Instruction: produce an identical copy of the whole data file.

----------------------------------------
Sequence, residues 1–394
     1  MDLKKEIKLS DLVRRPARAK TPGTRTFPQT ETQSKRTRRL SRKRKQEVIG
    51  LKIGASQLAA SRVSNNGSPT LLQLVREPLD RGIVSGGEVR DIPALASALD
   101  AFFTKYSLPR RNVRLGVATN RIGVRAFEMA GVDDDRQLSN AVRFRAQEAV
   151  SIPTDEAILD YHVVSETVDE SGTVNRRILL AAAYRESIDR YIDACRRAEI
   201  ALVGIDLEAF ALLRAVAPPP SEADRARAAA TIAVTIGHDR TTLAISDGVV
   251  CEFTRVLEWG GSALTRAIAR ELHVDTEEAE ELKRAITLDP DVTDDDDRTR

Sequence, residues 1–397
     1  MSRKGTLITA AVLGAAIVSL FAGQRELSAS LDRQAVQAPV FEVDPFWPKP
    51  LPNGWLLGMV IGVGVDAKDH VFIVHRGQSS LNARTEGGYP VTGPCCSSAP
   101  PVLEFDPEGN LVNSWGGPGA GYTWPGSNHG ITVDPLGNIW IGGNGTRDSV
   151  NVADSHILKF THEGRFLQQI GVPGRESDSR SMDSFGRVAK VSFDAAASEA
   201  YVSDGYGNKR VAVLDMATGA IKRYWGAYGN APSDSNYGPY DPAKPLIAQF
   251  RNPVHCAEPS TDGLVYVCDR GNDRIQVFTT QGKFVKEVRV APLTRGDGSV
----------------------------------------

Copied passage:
Sequence, residues 1–394
     1  MDLKKEIKLS DLVRRPARAK TPGTRTFPQT ETQSKRTRRL SRKRKQEVIG
    51  LKIGASQLAA SRVSNNGSPT LLQLVREPLD RGIVSGGEVR DIPALASALD
   101  AFFTKYSLPR RNVRLGVATN RIGVRAFEMA GVDDDRQLSN AVRFRAQEAV
   151  SIPTDEAILD YHVVSETVDE SGTVNRRILL AAAYRESIDR YIDACRRAEI
   201  ALVGIDLEAF ALLRAVAPPP SEADRARAAA TIAVTIGHDR TTLAISDGVV
   251  CEFTRVLEWG GSALTRAIAR ELHVDTEEAE ELKRAITLDP DVTDDDDRTR

Sequence, residues 1–397
     1  MSRKGTLITA AVLGAAIVSL FAGQRELSAS LDRQAVQAPV FEVDPFWPKP
    51  LPNGWLLGMV IGVGVDAKDH VFIVHRGQSS LNARTEGGYP VTGPCCSSAP
   101  PVLEFDPEGN LVNSWGGPGA GYTWPGSNHG ITVDPLGNIW IGGNGTRDSV
   151  NVADSHILKF THEGRFLQQI GVPGRESDSR SMDSFGRVAK VSFDAAASEA
   201  YVSDGYGNKR VAVLDMATGA IKRYWGAYGN APSDSNYGPY DPAKPLIAQF
   251  RNPVHCAEPS TDGLVYVCDR GNDRIQVFTT QGKFVKEVRV APLTRGDGSV